Jump to content


  • Content Count

  • Joined

  • Last visited

Profile Information

  • Gender
    Not Telling

Recent Profile Visitors

886 profile views
  1. Years ago I bought an Iwata + their compressor, and they are still going strong! Don't regret buying them.
  2. You mean like this one? https://www.dailybreeze.com/2017/12/08/out-with-the-old-ports-o-call-transition-sparks-angst-and-confusion-on-eve-of-demolition/
  3. But if you want to torment yourself, try this:
  4. Fantastic model! I admire the craftmanship of the modeler, but this is also very educational, of how these vessels worked! It reminds me of a large scale model of the WW2 US sub, the USS Rasher, which is housed in the Palm Springs Air Museum in Southern California. One could stand there and gape for hours!
  5. Lloyd Warner only drilled one pair of holes in his double blocks, because the other pair (of holes) will not be visible (or be nearly invisible) under the rope passed through the block anyway. I am sure, you know that inside the slot cut through the block, there is a sheave upon which the rope rolls. In order for the rope to roll, it has to be passed ON top of the sheave (pulley) and not under it. Here is a couple of pics showing it in detail. Hope it helps. Regards, Thomas
  6. Jeff, Before you proceed with the rest of your cannons, correct please the rigging of the blocks! I don't know why, but you've rigged the Warner's block correctly, but the Chuck's blocks incorrectly. At least your pics show it such. Pass the rigging line through the holes that are nearer to the wire hooks rather that those further away. Sorry... Regards, Thomas
  7. Many thanks for the extremely useful info I got from you all, since my last entry! Things are slowly clearing up for me, thanks to you! Dr PR - I printed your reply and will use it for future references. Ryland - this link is exactly what I've been looking for! I will try to contact Gene Berger and ask him if he could possibly etch these details for me (for a fee, of course). But, as I said, I will first give it a try by myself, if I manage to gather all chemicals and other necessary paraphernalia. I too would prefer to etch smaller plates, but unfortunately I have this one long piece of 22 cm (8,5 in.) that will have to be etched whole. Other pieces are smaller, about 2, 5 in. so perhaps I should try to do them first as a learning experience, before etching that long one, I think? In any case, thanks again! Regards, Thomas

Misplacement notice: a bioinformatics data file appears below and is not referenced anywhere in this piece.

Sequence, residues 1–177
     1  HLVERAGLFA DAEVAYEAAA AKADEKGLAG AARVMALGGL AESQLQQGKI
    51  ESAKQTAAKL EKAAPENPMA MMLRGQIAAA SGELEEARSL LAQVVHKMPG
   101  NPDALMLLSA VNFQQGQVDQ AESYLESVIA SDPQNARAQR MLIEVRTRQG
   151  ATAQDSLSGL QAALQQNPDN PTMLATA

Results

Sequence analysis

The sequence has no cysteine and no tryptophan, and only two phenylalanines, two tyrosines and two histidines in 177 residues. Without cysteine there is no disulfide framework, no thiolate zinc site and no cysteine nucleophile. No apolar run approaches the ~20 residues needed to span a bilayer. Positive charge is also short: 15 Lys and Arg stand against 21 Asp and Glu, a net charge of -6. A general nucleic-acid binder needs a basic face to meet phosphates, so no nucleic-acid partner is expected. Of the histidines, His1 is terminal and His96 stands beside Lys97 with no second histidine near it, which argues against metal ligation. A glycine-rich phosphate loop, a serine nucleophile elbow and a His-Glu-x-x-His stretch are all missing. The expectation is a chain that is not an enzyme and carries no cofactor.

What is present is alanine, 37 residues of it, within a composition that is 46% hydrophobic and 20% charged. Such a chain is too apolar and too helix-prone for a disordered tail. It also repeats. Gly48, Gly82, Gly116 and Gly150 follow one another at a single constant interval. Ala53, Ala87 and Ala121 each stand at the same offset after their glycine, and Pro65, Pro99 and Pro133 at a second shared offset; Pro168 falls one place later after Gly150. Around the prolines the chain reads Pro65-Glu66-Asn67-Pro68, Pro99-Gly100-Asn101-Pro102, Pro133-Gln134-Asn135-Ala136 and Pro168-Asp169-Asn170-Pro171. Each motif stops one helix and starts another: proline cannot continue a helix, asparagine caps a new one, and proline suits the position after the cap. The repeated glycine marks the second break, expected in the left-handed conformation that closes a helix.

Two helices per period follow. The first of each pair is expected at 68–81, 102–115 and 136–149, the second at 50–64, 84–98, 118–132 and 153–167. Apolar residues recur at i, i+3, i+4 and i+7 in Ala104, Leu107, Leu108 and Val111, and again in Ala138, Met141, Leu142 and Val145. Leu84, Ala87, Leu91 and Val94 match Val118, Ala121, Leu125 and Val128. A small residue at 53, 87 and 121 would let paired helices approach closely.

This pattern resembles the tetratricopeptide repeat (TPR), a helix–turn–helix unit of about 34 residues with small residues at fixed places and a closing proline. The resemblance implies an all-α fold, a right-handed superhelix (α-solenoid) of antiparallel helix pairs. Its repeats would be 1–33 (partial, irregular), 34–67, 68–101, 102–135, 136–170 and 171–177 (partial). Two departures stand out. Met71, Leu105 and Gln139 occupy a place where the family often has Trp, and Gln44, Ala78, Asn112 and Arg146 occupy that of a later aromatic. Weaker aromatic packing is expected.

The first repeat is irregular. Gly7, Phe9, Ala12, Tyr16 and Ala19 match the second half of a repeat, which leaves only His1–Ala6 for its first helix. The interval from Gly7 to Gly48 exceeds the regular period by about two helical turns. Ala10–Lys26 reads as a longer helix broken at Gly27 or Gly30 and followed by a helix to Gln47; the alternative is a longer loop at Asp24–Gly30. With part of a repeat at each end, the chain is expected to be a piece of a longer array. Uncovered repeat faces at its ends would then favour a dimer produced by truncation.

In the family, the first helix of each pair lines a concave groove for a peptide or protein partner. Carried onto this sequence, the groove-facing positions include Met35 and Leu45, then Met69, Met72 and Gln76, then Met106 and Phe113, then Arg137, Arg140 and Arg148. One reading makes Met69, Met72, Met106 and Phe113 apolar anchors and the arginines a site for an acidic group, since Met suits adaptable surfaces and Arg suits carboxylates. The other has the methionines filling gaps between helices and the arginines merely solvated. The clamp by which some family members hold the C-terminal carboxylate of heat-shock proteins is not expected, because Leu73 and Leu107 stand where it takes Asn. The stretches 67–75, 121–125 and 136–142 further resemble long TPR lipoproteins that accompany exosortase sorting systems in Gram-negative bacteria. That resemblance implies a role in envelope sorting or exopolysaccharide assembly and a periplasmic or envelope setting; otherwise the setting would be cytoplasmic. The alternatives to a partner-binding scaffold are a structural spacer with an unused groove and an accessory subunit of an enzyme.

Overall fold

8. Many thanks to you all for good advice! I too was thinking about getting this Micro Mark kit just for learning expernience - like you said, Mark. I may go this way later on. As far as the video tutorials, and the books, I already searched this options (and learnt a bit, thank you very much). The book mentioned by grsjax doesn't have very good opinions, is supposedly a bit dated and doesn't deal a lot with the actual etching process, so I might skip it after all. But thanks anyway! I too agree that I should start with smaller pieces - easier to etch and manage. However the longest piece I have to etch, is about 22 cm [8.75 in.] in length and I'd rather not etch it in sections and solder the pieces together later on, since I don't think it would look perfect. So I think I have to etch it whole. See the attachment (this drawing I prepared in Photoshop with the resolution of 600 dpi, so I think it should be fine enough. But I am still tweaking it). Oh, by the way, the light box I made, has both sides equipped with UV light strips (the bottom and the cover), so I can expose both sides of my plate at the same time. What do you think about it? Would it work? Yes, I know that I have to place the light sensitive transparency the ink side down, towards the brass plate, - somewhere in those tutorials it was emphasized. I intend to copy the drawings with a good quality laser printer (professional quality machine) onto dedicated laser printer transparencies (and make mirror images of them for two sided exposures) , rather than using regular printer and cheap transparencies. Someone said it makes a big difference in the quality of prints. Later on I will let you know how my experiments went. Keep your fingers crossed, please! Regards to all, Thomas PS: Does anyone know the US source of Positiv 20 in a spray can? (I couldn't find it anywhere within the US). Or should I rather use a photoresist foil? Which one is better?